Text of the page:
Unitranche faces tough test as it hunts first €1bn deal
Unitranche funds are hauling in money, even though lending spreads have come down a long way. At a time of exceptional conditions for borrowers in the syndicated leveraged loan market, unitranche lenders are still finding deals to do. Speed is in their favour — and wider market volatility this year may also play into their hands. Max Bower reports.
The unitranche lending market has enjoyed a meteoric rise in the last three years. Data provider Preqin estimates European-focused direct lending funds raised around $50bn from 2013 to 2016. In Europe, individual deals have topped €600m, and pricing has compressed by some 200bp across the market to around 675bp on average since 2013.
Nonetheless, the market faces tough opposition to further expansion. Leveraged loans have great appeal for issuers, with strong CLO issuance and inflows into managed accounts driving pricing below 400bp and eroding deal terms viciously.
The unitranche product offers non-amortising, unlisted, unrated, and confidential credit, often with terms such as covenants and headroom tailored to individual borrowers.
There is also much faster execution, as deals have one facility agreement. A direct lender says he recently did a deal from start to finish in under three weeks. With few lenders involved, the product offers flexibility. Larger market players such as Alcentra, Ares and GSO Capital, for example, were all sole lenders in deals of over €200m in 2016.
However, this convenience does make the product, at 6% and above, more expensive than a typical syndicated leveraged loan, and it has gained traction predominantly among small and medium sized issuers seeking up to €250m of debt.
Rating agency Fitch says the conditions that led to the unitranche’s rise after the 2008 credit crunch are, if anything, now in reverse.
It cites the advent of negative rates and the Solvency II capital regime for European insurers as propelling capital toward leveraged loan funds, through managed accounts and/or CLOs. Leveraged loan pricing has dropped sharply since mid-2016.
“The product is used less and less for normal credit strategies and more and more for very credit-specific growth stories,” says Arnaud Martin, a director in principal investments at BNP Paribas in Paris.
Pascal Meysson, a managing director in Alcentra’s direct lending business, says unitranche is appropriate for acquisitive companies or those wishing to maximise internal cash flows and redirect them to growth.
“For a firm with a different cashflow profile or more modest expansion strategy it will probably be less appealing,” he says.
It is hard to persuade issuers to look beyond leveraged loans to unitranche. Fitch noted an average spread of 200bp between unitranche and leveraged loan pricing in deals it tracks, and a growing divide between the two on documentation such as covenants, which have become rarer in leveraged loans.
“We would probably walk away from considering a unitranche deal where we know there will be a very strong syndicated loan bid, in current market conditions,” Meysson says.
Steffen Wasserhess, head of non-investment grade and high yield syndicate at UniCredit in London, goes further. “Some issuers aren’t prepared to do it, regardless of the potential benefits,” he says. “The question as a borrower is: do you want to be exposed to only one lender?”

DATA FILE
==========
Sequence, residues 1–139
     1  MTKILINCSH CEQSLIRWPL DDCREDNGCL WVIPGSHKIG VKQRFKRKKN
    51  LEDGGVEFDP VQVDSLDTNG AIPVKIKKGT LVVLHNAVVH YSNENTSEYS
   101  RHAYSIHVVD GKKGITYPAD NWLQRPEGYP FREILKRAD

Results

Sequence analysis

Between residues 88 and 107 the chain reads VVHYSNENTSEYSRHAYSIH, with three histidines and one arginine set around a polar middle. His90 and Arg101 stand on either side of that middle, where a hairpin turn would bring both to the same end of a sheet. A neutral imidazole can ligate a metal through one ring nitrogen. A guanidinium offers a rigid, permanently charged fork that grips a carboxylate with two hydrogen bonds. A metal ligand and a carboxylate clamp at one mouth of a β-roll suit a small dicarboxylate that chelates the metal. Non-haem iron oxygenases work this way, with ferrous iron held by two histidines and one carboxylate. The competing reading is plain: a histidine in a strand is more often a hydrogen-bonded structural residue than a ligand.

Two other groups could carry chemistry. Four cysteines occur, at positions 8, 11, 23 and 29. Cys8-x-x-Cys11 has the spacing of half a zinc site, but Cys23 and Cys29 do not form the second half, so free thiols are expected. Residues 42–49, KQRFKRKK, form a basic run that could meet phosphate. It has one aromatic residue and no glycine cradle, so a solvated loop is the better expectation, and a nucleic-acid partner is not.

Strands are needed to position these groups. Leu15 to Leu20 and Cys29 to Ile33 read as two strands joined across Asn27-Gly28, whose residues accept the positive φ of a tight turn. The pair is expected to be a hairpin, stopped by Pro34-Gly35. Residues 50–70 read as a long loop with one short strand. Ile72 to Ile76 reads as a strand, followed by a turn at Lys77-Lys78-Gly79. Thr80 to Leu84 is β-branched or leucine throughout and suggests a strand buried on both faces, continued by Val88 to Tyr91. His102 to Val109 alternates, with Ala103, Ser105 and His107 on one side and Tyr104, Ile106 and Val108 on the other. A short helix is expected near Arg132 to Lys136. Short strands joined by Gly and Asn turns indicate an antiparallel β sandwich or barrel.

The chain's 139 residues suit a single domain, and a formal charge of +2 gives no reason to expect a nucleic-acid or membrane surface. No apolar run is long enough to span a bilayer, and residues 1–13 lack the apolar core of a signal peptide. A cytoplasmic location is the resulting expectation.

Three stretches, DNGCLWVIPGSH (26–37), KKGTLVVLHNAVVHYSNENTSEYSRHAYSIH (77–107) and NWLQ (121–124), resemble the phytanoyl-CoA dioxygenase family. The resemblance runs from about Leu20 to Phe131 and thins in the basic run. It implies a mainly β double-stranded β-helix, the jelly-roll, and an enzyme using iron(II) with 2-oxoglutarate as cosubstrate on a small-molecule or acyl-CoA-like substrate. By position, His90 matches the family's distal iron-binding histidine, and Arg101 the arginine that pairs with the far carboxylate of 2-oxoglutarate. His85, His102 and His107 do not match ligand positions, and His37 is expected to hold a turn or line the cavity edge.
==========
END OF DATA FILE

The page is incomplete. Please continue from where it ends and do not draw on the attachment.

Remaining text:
Meysson has been busy nonetheless. He recently closed a $245m unitranche deal for medical equipment firm Lumenis, offered financing for several deals of up to €350m in size, and his firm has just raised €4.3bn, bringing assets under management to nearly €6bn specifically for direct lending, locked in for at least six years.
Unitranche has senior and subordinated components, offering different yields to investors dependent on their risk appetite. However, the price to the borrower is blended into a fixed coupon, hence its name. Fitch notes a median tenor of six years in its portfolio of unitranche deals, which lenders typically hold to maturity.
Demand from end investors is still strong in 2017, as Hayfin, another large lender, showed in February when it completed a €3.5bn funding round.
This is starting to filter through to deal sizes. The largest by some distance came last May — €625m from GSO Capital to finance the tie-up between US chemicals group Reichhold and Italian polymers maker Polynt. More blockbusters followed, with €475m for UK speciality biopharma firm Mallinckrodt and €350m for German hydrocarbons maker HCS Group, both also by GSO.
Meysson expects more. “We could see the €1bn mark be breached this year for a single unitranche deal,” he says. Credit market conditions will need to be volatile for such a deal to occur — conditions that gave birth to the market and in which it thrives — but, given the potential for political flashpoints in Europe this year, that is certainly plausible.
As private debt money is locked up for six to eight years, managers could continue to lend in volatile markets.
“Issuers could complete a large unitranche financing faster than they would do through the syndicated loan or bond market,” Meysson says. “This could for instance be attractive to a sponsor trying to complete an acquisition particularly quickly, or pre-empt in an auction.”